*IPF is not just a format*. You cannot expect to be able to know how the disk data is laid out inside the file and simply extract it. It needs processing, it needs algorithms applied to virtually master the data using the embedded scripting, just like the original duplicators did. You need to use our library to do that, or make one yourself, but you do need to do it.

We would love to document the format, scripting and algorithms, but that would be significant effort for us because of the above issue, effort we just can't commit right now. That is why we want to publish the source instead. We could just say, "this is what the file contains", but that wouldn't really help you. It's not stored in a form that can be simply extracted.

Once the source is out there, you will be able to see what we mean.
Once we publish the source, maybe somebody can help us document it! :)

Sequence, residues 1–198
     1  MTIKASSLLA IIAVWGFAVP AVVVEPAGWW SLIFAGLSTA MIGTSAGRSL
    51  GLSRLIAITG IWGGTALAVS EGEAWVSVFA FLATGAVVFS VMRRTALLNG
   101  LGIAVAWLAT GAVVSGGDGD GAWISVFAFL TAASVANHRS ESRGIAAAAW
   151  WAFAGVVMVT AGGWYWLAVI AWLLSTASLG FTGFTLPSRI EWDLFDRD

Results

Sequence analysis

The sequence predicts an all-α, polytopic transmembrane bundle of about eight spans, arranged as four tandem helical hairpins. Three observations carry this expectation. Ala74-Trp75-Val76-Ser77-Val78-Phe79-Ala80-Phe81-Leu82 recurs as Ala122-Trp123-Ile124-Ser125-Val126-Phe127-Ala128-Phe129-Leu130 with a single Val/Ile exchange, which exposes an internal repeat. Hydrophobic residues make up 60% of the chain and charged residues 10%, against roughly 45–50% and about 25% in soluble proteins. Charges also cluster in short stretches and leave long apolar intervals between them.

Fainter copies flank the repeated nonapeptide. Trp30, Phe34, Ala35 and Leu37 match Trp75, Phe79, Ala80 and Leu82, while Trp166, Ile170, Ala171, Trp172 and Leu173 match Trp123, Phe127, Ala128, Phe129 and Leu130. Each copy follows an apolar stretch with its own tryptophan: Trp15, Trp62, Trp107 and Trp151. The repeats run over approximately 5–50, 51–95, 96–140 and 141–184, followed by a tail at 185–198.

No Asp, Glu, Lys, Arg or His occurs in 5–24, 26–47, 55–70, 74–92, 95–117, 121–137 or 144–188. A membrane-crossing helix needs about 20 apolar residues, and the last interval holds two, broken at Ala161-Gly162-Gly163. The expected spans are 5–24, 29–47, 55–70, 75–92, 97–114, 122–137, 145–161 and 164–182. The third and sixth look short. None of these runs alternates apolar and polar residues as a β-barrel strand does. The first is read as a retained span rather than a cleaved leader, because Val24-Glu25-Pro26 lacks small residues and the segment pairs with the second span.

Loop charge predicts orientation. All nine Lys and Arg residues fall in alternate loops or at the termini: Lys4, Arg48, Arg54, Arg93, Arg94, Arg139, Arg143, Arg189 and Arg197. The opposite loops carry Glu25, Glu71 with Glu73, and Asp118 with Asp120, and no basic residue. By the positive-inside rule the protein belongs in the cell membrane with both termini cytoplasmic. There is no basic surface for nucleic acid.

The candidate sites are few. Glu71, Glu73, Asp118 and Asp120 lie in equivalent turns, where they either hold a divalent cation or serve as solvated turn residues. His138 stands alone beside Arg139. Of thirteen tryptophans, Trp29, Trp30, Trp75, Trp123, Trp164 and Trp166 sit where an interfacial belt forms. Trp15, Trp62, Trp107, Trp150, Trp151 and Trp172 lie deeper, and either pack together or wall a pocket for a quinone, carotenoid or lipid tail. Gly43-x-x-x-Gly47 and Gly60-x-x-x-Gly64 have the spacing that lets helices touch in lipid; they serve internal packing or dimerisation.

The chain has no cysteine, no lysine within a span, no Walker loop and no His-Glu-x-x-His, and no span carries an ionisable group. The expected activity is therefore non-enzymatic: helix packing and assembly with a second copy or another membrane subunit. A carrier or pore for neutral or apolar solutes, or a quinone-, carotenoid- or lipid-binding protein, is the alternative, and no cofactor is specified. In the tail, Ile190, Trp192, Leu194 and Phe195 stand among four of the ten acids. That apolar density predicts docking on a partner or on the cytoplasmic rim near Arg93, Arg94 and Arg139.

As to not being able to change our minds on the GPL, it is true with the intent that I meant it. Sure we can relicense the code for later changes. But the point is that we can't take it back. Once we allow commercial exploitation by others, we will never be able to pursue any possibilities with regards to getting financial renumeration to invest that money in further preservation. We will not be able to change our mind.... and that, right now, is a too big a leap to take.

Re: IPF and Openness

Posted: Wed Feb 09, 2011 11:45 am
by pak21
Interceptor wrote:you could look at the caprice32 source code for an example on this, its not posted on the website for reasons explained on there (the author has not been contactable for his consent) but is available on request.
Are you aware that linking a GPL program with a non-GPL library is a violation of the GPL?

Re: IPF and Openness

Posted: Wed Feb 09, 2011 11:47 am
by mr.vince
EDIT: I removed my naggy comment here. Sorry for OT.

Re: IPF and Openness

Posted: Wed Feb 09, 2011 11:48 am
by karadoc
It depends on how you link it. Dynamically linking to a DLL, as far as I am aware, is fine.